28.  I GM at my best when I start prioritizing good questions over good answers.
  29. Good, engaging facilitation is as much about table theatrics as it is about knowing the rules and maintaining pacing. I don’t mean funny voices (please no)! I mean drawing new additions on the relationship map with a flourish, or dramatically dropping a new clock on the table, or quietly placing a sad index card somewhere prominent. Everything a facilitator does is a show.
  30. An oldie but a goodie worth repeating: finding the right matches of system, players, and runner is an art. If any of those things is a mismatch, it’s going to be more work. System matters (but it’s not the only thing that matters).
  31. Play with as diverse a range of players as you can find: gender, age, culture, disability, anything and everything. Go to conventions if you don’t live in a place conducive to variety and can afford it. Play online if you can’t go to conventions. Challenge yourself and your play will improve, because roleplaying is a fundamentally human activity and being a better human makes you a better player. You’ll make mistakes and that’s okay. Nobody is going to cancel you if you’re playing in good faith.
  32. Give folks at least 30 minutes to bullshit before settling down to play. Try to get them gathered early to make that happen.
  33. Debriefs after sessions are so important that you’re better off cutting the game short 30 minutes just to fit it in. Probably most of my adjustments and ideas come from debriefing, not the session.
  34. Give everyone at your table the explicit privilege to stop the campaign at any time for any reason. Life is too short to be bored, or frustrated, or angry about games…
  35. …but don’t give up too easily. My biggest gaming regrets always involve stopping a game too soon.
  36. No matter how deep in the weeds you get with procedures, no matter how antsy you get to get through a scene or a moment, always ask: what does this look like? The minute you decouple the rules from the fiction, things get weird. Even if the players slip into a planning fugue, ask: where is this taking place? What is going on around you? Grounding everything in the shared fiction enriches everything, even if it takes more time.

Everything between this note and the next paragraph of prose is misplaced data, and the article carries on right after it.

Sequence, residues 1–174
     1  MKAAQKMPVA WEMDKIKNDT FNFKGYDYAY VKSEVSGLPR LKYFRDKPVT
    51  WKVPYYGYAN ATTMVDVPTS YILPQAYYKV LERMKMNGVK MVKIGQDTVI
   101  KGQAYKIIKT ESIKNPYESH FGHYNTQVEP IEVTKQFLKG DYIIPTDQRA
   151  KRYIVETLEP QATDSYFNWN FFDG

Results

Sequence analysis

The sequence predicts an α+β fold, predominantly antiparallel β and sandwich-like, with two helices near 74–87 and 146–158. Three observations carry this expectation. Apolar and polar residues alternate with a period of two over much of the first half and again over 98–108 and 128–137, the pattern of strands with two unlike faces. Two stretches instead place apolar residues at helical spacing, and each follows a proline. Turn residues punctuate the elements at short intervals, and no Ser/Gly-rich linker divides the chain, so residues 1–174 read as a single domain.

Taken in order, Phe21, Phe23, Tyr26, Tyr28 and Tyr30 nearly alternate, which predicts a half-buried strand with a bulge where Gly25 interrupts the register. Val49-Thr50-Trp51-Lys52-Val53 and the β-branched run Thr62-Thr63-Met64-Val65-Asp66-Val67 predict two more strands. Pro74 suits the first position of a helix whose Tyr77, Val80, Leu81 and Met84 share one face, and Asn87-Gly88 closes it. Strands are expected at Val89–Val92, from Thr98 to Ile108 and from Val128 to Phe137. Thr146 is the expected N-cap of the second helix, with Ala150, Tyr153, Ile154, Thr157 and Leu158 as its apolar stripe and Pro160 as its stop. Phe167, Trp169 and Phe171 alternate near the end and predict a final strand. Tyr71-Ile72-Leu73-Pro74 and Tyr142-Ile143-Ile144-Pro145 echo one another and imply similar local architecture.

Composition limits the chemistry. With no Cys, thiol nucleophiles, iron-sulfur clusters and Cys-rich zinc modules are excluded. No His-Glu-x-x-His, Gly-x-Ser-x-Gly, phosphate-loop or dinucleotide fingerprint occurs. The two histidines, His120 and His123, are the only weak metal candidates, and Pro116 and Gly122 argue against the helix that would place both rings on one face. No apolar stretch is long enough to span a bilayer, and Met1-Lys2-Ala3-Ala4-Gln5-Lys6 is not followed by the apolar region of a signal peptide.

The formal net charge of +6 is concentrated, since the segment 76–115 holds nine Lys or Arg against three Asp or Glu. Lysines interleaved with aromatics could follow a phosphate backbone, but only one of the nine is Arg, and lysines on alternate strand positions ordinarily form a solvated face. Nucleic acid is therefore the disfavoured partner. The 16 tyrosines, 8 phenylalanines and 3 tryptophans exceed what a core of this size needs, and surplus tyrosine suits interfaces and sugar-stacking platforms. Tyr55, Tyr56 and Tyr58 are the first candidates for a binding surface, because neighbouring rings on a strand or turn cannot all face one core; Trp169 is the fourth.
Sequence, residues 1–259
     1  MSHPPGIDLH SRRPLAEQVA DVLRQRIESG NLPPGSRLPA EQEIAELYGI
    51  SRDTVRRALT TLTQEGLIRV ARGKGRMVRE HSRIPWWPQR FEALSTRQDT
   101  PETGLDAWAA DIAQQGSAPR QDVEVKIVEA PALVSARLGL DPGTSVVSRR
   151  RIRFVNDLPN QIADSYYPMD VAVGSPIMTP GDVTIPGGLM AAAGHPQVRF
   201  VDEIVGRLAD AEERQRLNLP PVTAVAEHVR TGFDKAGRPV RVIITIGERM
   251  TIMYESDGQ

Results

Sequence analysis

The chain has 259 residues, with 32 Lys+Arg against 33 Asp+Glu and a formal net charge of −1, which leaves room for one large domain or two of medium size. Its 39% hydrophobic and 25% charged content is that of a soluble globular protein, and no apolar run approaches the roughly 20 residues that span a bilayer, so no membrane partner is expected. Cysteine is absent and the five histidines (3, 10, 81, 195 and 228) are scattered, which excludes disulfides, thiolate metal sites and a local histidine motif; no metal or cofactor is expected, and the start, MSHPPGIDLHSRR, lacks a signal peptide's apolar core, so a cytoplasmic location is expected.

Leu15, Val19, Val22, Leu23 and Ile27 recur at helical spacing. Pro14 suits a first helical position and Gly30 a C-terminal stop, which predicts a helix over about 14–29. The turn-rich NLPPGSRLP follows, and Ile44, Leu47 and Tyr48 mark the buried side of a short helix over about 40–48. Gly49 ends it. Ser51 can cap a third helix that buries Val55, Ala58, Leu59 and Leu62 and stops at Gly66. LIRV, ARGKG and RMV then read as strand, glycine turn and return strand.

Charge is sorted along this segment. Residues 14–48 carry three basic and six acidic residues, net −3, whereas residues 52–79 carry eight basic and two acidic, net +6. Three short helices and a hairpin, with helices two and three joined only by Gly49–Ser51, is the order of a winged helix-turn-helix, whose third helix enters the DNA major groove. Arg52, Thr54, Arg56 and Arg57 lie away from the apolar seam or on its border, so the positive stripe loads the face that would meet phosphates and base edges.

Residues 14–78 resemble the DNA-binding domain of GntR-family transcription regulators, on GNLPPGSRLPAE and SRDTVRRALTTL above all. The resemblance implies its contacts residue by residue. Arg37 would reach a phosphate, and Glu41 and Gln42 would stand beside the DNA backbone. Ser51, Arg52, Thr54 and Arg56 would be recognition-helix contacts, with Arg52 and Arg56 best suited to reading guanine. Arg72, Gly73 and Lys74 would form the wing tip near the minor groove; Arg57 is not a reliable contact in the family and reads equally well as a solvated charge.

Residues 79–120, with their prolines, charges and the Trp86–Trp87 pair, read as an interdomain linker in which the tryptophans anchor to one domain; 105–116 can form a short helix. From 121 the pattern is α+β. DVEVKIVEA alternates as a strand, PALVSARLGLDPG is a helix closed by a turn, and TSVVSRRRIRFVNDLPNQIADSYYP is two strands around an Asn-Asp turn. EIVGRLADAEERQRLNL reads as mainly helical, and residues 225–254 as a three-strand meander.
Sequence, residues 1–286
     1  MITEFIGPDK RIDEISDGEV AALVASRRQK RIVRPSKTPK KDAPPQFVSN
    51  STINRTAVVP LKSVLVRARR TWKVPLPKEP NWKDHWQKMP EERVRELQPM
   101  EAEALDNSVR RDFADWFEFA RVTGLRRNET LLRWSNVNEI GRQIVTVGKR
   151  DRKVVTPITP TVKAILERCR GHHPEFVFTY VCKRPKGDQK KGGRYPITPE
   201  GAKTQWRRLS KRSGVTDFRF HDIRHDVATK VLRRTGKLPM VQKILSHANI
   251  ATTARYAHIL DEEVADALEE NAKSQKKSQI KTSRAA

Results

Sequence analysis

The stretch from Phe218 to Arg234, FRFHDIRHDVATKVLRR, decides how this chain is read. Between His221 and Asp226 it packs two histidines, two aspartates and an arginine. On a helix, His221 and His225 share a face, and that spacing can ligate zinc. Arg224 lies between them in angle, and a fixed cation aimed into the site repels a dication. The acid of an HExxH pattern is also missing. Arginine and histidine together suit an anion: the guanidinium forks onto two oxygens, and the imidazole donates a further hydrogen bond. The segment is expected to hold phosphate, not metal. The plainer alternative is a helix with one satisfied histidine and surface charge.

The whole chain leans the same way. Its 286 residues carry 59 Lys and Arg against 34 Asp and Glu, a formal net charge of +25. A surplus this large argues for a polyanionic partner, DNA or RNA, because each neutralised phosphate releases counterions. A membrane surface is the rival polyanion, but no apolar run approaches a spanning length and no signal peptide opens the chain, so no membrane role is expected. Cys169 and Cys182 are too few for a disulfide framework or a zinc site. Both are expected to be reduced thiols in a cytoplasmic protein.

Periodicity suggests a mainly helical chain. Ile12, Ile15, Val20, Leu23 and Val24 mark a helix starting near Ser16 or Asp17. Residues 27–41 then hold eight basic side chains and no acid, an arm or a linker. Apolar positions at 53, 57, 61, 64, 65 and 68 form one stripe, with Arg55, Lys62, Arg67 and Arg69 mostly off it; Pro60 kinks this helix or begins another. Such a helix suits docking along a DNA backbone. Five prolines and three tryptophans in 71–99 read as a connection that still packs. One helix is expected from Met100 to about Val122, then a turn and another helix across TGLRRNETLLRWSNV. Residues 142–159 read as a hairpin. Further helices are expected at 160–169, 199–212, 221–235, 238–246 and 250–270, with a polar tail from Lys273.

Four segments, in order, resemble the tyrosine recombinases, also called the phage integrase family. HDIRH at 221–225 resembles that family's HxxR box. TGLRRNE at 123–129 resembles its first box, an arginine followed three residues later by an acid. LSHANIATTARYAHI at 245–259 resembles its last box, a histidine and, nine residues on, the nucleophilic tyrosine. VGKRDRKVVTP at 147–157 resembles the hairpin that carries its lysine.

37. Tent cards for character names and pronouns, every game, no matter what. Put the names on the back as well so the folks next to you can see too.
  38. A break every hour works magic. Not sure why we think we need to muscle through every minute of a session. Take a break, let things percolate in your brain.
  39. Unless you’re playing in a morally stark setting (like our current campaign, Band of Blades), villains and heroes are super boring. Anti-heroes are the worst! Relatable people with incompatible goals, that’s where the good stuff is.
  40. Don’t run a game when you’re not feeling it. Take breaks. A week or two won’t let the fizz out of the bottle, but if it does then maybe there wasn’t that much fizz to begin with.
  41. I used to get really upset about folks fiddling with non-game stuff at the game table (phones, doodles, knitting for crying out loud), but I’ve made peace with the fact that sometimes players need small distractions. Still, check in and make sure they’re still engaged.
  42. If I don’t have an RPG in my head – if I’m not thinking about it, chewing on it, obsessing – in a couple weeks I start feeling uncentered. Like the gyroscope of my life has tipped over. Weird! But it’s proven to be true over and over, even when I’m feeling burned out.
  43. If I want to generate interpersonal heat or a big reveal, sometimes I’ll just start tossing in topics and ideas that are just adjacent to the characters’ backgrounds, cultures, affiliations, existing relationships, whatever. You don’t need to set up the heat right out of the gate! Once that ingredient is on the table, the table takes over. The heat will reveal itself. The fact you look like a genius who knew what was going to happen all along is a bonus.
  44. Bait and switch in RPGs! Just … no. It never works. It doesn’t work out the way you think it will. The players resent it. Don’t hit them where they’re weakest.
  45. Players, thank your GM and each other. GMs, thank your players. Recognition is rare but so nice. Splash it around! It’s free!
  46. Biggest red flag at new tables: when a player acts squirrelly about the inclusion of sexual relationships as a factor in the game setting. Not even the sex itself! Just repulsion or fear of the idea that fictional characters have intimate relationships.
  47. As a player, I find procedure and embodiment are a zero sum game. The more procedurally intense the game, the less embodiment I feel, and vice versa. As a GM I anticipate that behavior from the players as well.
  48. Try running sessions of an ongoing campaign with the same intensity as you would a one-shot. Play for keeps! Don’t be afraid to crank the stakes up!
  49. Try running one-shots with the same intensity as you would a campaign session. Play for investment and satisfaction! Not every one-shot needs to end in a blood opera!
  50. GM from the bottom of the org chart, not the top. You’re there to support your players. Give until it hurts.